There have been a lot of discussions regarding the MTRC’s Shatin to Central Link incident recently: some have made subcontractor China Technology Corporation Limited a hero and kept digging into the “truth”; some proposed stricter supervisions; others requested officials to abide by the accountability system and step down. The only fact I am aware of is: the MTRC has become the first victim of the incident and Leighton the second victim. Who is going to be the third?
We are experiencing a peculiar phenomenon in Hong Kong today: in addition to being lawmakers and monitoring the government, the Legislative Council also embraces the role of the detective. At the same time, numerous netizens regard themselves as judges and would draw conclusions before any scientific argument is presented. As reported in newspapers, the plans of the related structure before and after the incident are basically the same. The only difference is the method of connection. Based on my 20 years of experience and the existing information released to the public, I will at most say something is wrong with the procedure as a professional engineer. It does not appear to be a fraud. It is my opinion that we should not judge and say the quality of the works is questionable before more solid evidence is brought forth. Moreover, the previous response of the government regarding the incident only indicated that there was a huge error in the report submitted by the MTRC; it was not about the safety issues derived from the questionable quality of the works. The most critical task at this stage is to find out whether the structure is in line with public safety standards and review the issue accordingly.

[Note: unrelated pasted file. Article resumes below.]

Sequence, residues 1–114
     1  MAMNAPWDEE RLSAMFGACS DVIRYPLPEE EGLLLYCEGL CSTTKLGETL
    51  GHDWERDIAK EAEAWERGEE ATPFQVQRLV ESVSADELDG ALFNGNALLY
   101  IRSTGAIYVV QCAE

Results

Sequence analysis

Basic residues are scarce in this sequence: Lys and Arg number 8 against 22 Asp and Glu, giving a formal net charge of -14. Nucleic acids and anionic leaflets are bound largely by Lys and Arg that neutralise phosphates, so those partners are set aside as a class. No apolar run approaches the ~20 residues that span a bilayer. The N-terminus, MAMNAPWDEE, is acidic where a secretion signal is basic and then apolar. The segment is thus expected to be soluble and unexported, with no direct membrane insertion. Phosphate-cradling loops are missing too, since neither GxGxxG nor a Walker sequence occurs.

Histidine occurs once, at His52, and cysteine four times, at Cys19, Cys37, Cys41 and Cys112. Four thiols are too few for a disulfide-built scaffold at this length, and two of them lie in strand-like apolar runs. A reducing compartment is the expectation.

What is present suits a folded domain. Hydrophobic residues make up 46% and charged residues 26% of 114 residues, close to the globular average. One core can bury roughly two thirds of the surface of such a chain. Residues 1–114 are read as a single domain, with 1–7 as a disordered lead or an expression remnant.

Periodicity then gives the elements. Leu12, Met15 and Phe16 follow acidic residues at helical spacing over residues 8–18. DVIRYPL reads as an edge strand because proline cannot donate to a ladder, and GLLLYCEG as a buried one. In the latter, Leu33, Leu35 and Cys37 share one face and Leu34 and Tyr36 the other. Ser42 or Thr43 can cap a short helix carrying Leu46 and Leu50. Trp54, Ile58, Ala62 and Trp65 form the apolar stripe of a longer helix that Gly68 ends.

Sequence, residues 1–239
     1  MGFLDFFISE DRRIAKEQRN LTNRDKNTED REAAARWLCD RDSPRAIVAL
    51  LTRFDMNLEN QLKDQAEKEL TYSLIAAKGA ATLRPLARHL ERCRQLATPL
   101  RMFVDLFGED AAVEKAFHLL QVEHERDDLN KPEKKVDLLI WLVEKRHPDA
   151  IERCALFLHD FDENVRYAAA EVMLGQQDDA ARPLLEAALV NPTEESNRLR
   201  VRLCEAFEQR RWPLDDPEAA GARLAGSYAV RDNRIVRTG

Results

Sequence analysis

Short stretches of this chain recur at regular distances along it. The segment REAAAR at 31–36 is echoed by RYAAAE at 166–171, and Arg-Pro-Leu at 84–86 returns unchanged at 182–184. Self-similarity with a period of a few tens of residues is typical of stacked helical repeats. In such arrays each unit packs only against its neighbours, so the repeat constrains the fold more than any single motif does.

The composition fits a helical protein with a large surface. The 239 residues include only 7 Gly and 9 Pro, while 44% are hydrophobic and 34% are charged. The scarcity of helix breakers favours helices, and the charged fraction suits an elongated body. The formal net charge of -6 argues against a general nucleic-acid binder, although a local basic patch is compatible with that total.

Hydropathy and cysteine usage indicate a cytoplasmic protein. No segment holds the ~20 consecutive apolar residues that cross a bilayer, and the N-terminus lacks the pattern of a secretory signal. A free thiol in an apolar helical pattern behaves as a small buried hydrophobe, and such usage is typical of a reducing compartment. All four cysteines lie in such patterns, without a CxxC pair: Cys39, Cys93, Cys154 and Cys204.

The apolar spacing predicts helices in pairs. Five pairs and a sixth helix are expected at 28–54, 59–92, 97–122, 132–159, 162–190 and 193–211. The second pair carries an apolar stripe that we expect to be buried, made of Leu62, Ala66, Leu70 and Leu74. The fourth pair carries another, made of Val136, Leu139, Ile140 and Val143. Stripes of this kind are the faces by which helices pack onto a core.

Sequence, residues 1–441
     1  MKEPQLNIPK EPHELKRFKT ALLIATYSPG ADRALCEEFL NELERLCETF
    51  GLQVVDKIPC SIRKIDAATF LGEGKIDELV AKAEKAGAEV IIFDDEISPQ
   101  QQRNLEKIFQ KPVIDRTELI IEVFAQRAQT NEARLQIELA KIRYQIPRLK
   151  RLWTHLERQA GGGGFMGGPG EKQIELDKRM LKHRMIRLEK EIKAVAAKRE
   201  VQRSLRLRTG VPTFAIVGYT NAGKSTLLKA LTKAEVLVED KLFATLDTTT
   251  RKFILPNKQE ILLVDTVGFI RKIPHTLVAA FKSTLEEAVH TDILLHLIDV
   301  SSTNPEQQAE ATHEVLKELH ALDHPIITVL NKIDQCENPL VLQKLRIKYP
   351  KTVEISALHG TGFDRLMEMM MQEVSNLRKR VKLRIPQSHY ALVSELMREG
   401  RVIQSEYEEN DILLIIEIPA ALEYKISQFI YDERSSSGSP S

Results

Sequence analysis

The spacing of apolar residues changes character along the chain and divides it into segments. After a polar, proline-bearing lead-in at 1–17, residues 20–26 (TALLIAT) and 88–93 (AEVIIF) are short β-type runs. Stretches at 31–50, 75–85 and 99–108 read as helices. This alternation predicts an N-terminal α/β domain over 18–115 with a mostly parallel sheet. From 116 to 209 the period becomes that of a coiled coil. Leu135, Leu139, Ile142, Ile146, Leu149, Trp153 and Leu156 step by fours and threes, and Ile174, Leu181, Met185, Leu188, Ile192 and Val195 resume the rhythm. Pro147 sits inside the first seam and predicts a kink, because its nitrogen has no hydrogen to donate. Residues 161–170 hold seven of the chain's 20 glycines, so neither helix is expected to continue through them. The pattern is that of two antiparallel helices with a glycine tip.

Haunted by the shadow of the Hung Hom station "corner-cutting scandal", stricter supervision and monitoring processes seem unavoidable. Nevertheless, complicated procedures are never a solution to problems; instead, it will only increase the cost of construction directly. Hence, I believe emphasis should be put on how things can be improved instead of irrational accusations. The users of these large-scale infrastructures and public housing estates are all Hong Kong people. These projects are funded by Hong Kong residents too. Therefore, while ensuring the quality and safety of the works, the government should also ensure the proper use of resources.
Practitioners should Bear More Professional Accountabilities
Let me illustrate my point with a simple example: a family hires a foreign domestic helper. In the past, she only needed to hand in the receipts to her employer after shopping for food. The employer had always trusted her and had not even tried to calculate the total amount spent. One day, however, a friend tells the employer that her helper has been handling the food money dishonestly. The employer, from then on, asks her helper to submit a report every week regarding the expenditures, and the figures are to be verified by an auditor. Later, the employer hears from the news that some other helpers have been forging receipts. Since then, her helper is required to have the signature and the company seal of the issuer on each receipt. How much time do you think the helper will still have for other chores apart from buying food? The story seems a bit ridiculous, but it is exactly what the construction industry is facing today: various approvals are required for each alteration; multiple supervision steps are required for each working procedure. There indeed is not much room left for engineering professionals to alter designs and methods of construction according to their expertise. In the event stricter supervision is implemented, the cost will also rise accordingly. And finally, we too will suffer.